Then there is the fact that Tatiana attacked a zoo keeper and chewed flesh off of his arm during a public feeding last year. Is this notice that Tatiana was dangerous?
Finally, the investigation is looking into the possibility that Tatiana escaped by climbing up a leg or other body part to get over the wall. There are unconfirmed rumors that the victim may have been dangling his legs over the wall and taunting Tatiana. Whether that is true or not, it would make for an interesting comparative negligence discussion.
Thursday, December 27, 2007
The decision came from a birth control patch blood clot suit against Johnson & Johnson that had been consolidated in a federal MDL; the judge overseeing that MDL certified four questions regarding the measures in question. The measures capped non-economic harm at $250,000 or three times economic harm, whichever is larger, but not to exceed $350,000 (with a cap buster provision for major or permanent injuries); additionally, they capped punitives at two times compensatory damages. The legislation also made collateral source payments admissible, but the court found that the plaintiffs lacked standing to challenge that provision and thus punted.
The majority starts with the notion that it is tough to prove a statute unconstitutional on its face and, unsurprisingly given that starting tone, approves the statute. The majority does at least hint that an as-applied challenge might be more successful when it concludes:
We appreciate the policy concerns Arbino and her amici have raised. However, the General Assembly is responsible for weighing those concerns and making policy decisions; we are charged with evaluating the constitutionality of their choices. Issues such as the wisdom of damage limitations and whether the specific dollar amounts available under them best serve the public interest are not for us to decide. Faced with a highly deferential facial challenge to these statutes, our review causes us to conclude that the General Assembly has responded to our previous decisions and has created constitutionally permissible limitations.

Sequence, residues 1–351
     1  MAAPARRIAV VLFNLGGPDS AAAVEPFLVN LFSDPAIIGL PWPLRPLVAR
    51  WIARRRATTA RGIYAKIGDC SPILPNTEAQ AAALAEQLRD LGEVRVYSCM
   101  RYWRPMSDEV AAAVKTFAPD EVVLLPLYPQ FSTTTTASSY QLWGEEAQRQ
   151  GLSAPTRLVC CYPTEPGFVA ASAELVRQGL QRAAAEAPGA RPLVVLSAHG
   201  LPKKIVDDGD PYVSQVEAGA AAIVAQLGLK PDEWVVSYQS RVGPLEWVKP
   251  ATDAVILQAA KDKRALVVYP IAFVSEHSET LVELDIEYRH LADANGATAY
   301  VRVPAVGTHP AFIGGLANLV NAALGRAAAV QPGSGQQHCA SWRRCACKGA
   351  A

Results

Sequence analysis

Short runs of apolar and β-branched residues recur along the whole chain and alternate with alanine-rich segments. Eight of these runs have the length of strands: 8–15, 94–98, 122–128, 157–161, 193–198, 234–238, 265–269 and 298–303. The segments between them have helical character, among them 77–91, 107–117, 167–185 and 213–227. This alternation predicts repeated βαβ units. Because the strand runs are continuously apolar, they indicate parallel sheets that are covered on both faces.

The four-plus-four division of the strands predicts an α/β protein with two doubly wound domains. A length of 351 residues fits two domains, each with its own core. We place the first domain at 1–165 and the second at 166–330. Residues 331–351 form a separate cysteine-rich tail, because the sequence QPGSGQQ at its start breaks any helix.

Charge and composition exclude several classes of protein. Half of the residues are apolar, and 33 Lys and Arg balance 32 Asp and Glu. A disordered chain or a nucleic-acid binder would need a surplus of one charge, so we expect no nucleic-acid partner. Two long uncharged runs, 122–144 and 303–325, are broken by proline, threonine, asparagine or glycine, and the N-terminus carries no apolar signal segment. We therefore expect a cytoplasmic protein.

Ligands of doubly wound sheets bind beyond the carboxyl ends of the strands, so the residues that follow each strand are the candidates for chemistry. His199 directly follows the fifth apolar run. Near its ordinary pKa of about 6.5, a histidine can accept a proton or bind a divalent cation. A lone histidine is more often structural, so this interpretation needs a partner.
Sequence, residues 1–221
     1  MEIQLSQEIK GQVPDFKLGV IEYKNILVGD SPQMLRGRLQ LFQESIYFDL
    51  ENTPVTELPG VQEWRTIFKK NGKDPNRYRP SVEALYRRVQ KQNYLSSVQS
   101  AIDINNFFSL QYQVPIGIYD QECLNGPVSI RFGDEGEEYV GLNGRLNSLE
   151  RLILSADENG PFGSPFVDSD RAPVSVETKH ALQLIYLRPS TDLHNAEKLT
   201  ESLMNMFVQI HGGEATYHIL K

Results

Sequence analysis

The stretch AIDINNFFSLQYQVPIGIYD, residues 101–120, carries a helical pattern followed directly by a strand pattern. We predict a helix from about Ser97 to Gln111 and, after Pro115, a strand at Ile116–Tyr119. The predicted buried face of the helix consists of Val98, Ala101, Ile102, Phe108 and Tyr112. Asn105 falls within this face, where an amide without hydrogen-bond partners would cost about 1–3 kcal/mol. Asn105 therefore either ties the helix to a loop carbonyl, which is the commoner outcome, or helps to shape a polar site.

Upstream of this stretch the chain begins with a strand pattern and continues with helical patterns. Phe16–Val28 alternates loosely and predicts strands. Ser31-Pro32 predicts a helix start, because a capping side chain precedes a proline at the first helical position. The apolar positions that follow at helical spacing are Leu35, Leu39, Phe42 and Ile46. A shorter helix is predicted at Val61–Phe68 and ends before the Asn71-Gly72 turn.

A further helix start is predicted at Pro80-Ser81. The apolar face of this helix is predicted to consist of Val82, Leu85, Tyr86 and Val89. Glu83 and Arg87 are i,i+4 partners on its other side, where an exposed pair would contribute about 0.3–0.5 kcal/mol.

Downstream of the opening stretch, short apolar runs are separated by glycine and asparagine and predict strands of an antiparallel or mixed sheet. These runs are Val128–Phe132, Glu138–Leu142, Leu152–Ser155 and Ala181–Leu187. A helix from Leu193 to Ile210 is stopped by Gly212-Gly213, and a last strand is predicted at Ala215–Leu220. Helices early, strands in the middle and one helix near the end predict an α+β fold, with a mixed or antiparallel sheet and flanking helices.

(Emphasis in original.)
Meet Laurence Dry, M.D., J.D., a med-mal lawyer in Kentucky, and proud owner of two judgments against him -- one for losing a purportedly sure-winner case, and one for bringing that same case, this time purportedly frivolous.
On the one hand: His (legal) malpractice insurer recently paid $750,000 to a former client, John Conley, for losing a can't-miss lawsuit against one Dr. John Johnson. Conley lost much of his vision and alleges that it was the result of (medical) malpractice by Johnson in performing back surgery.
Dry initially reviewed the case and found it not worth bringing, but then, later, without realizing he'd previously reviewed it, he changed his mind and brought it...but he was coming up against the statute of limitations and brought it without experts. Once he did get experts, there were further problems:
[O]ne of the expert witnesses he claimed he found later to support his theory insisted in a deposition for Johnson's case that he had said no such thing. The other expert witness had Alzheimer's disease and couldn't be interviewed, Sitlinger said.
So he dropped the suit, and was sued by both Conley for losing the case (by ignoring what he identified as a better factual theory targeting the anesthesiologist) and Dry for bringing it at all. A jury awarded Johnson $80,000, and Dry paid that judgment earlier this year, calling it a "love tap."
'Tis the season for skiing cases. A week before Christmas, the Utah Supreme Court, by a 3-2 vote, held that waivers of the right to recover for the negligence of ski resorts are void as against state public policy. Utah follows the familiar two-step inquiry in analyzing waivers (express assumption of risk). First, is the language of the waiver clear? Second, even if the language is clear, does the waiver violate public policy?
The court acknowledged that public policy can be difficult to discern:
[P]ublic policy is a protean substance that is too often easily shaped to satisfy the preferences of a judge rather than the will of the people or the intentions of the Legislature.
However, the court stated it had found clear public policy in a statute that provided ski resorts are not liable for the inherent risks of skiing, so that the resorts would be able to acquire insurance at reasonable rates:
The bargain struck by the Act is both simple and obvious from its public policy provision: ski area operators would be freed from liability for inherent risks of skiing so that they could continue to shoulder responsibility for noninherent risks by purchasing insurance. By extracting a preinjury release from [plaintiff] for liability due to their negligent acts, [defendant] breached this public policy bargain.